It is amazing how quickly we can lose our edge. I hadn't been gone that long, and I had already lost some energy in walking. So it was back up the hill to try to get back in shape.
As Liz and I recuperate from our sunburns, I have continued to ponder the universal nature of truth. It continues to amaze me how different cultures, different races, living in different eras of time, can agree on universal principles of good and evil. Christians and Islam talk about the consequences of sin--reaping what you sow; while Buddhists and Hindus talk about Karma--what goes around, comes around. No matter where one lives, or when, we all must feel the consequences of our actions. All people have a conscience.
To Mormons, this conscience is the Light of Christ, to Buddhists it is the truth that binds and unites all things, to scientists like Einstein, it is energy. Whatever one might decide to call it, there is something that exists that runs through all things, binds all things together, and gives all intelligent beings a similar innate knowledge of right and wrong--a conscience.
Buddha felt he had discovered the source of this knowledge--this eternal truth--and came to understand that if one lived correctly (the eightfold path), one could obtain and become a part of that eternal truth. One could obtain Nirvana.
Moses, fasting and praying on the heights of Sinai, discovered the very same truths. Both instructed their followers in exactly the same way: teaching them not to steal, not to lie, not to commit murder, to be faithful to one's wife, and always to do good to others. By following that path, one would automatically receive blessings--a return of good for good. The eternal principle of Karma would work for anyone, living anywhere or in any era.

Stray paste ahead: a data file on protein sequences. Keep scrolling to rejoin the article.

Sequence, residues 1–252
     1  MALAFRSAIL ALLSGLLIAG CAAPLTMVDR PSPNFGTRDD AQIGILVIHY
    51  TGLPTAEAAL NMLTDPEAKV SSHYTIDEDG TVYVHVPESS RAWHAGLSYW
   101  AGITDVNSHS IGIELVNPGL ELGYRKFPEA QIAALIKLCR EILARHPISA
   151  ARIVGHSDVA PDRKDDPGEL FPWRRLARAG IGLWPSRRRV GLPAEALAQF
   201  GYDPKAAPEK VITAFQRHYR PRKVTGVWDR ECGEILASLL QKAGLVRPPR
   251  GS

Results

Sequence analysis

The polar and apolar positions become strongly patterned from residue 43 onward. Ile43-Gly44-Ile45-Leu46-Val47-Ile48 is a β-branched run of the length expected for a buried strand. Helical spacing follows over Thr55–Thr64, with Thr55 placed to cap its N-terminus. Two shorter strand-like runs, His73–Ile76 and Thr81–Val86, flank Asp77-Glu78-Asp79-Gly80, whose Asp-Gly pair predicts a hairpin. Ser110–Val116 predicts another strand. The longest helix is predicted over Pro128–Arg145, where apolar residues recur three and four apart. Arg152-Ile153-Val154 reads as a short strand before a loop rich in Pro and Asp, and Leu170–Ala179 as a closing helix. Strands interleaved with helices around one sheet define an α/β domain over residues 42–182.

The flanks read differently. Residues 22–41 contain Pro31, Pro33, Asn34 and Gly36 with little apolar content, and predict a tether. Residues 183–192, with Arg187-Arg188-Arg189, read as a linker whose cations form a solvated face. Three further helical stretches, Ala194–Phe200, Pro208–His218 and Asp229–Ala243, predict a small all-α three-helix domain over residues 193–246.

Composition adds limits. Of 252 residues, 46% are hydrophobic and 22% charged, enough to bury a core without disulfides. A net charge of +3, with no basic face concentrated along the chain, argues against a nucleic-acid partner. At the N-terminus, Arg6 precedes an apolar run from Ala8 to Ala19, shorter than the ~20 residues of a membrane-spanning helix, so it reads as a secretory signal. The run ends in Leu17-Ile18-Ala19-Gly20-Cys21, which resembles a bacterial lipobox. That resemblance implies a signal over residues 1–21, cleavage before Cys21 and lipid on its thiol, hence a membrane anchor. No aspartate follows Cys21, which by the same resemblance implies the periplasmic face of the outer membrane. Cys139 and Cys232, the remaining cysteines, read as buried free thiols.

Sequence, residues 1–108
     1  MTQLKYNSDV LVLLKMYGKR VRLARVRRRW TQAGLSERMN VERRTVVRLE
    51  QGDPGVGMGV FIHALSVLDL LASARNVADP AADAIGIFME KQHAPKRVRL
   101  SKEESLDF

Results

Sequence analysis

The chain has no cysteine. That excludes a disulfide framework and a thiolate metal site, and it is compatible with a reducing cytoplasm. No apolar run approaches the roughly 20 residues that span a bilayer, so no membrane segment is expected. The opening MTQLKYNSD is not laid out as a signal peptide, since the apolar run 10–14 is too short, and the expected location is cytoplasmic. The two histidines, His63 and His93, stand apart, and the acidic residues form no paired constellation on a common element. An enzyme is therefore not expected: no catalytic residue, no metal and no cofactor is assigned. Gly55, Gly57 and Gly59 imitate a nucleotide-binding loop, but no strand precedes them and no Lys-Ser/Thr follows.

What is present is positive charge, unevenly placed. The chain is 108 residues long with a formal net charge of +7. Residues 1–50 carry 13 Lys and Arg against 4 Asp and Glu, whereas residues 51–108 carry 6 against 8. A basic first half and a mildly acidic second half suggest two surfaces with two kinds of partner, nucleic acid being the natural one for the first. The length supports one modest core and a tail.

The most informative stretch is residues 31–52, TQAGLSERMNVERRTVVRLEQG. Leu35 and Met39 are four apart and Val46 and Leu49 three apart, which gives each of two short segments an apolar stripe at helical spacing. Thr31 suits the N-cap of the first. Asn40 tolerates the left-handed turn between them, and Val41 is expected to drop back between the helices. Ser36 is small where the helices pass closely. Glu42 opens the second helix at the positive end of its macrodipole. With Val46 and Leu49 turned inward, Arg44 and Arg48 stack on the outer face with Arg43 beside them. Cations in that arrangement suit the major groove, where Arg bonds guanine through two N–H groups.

Since these principles had become so obvious to these great men, and have been taught continuously for thousands of years, it seems odd that each generation must continue to debate and re-learn these eternal truths.
Oh well, I guess we all have to touch the fire to learn that it burns. No matter how often people are told of these principles, it seems our lot in life to learn best by experience. Nothing teaches better than losing. Nothing is remembered more deeply than pain and suffering. They become lessons etched into our souls, so we remember. Perhaps that is why God planted the tree of Knowledge in the Garden of Eden...to ensure that men would fall, and by falling, would be able to learn for themselves the difference between good and evil. He understood, as we now do, that we would never understand the lessons He was trying to teach us without experiencing the consequences of our own actions. So the tree of Knowledge was planted--the laws of Karma were put into effect--so that we could learn for ourselves good from evil. Then it would be up to us to choose! Would we choose the good, and the blessings that come from those actions? Or would we choose the evil, and the devastating consequences that come from that path?
As Joshua once said: As for me and my house, we will choose the Lord!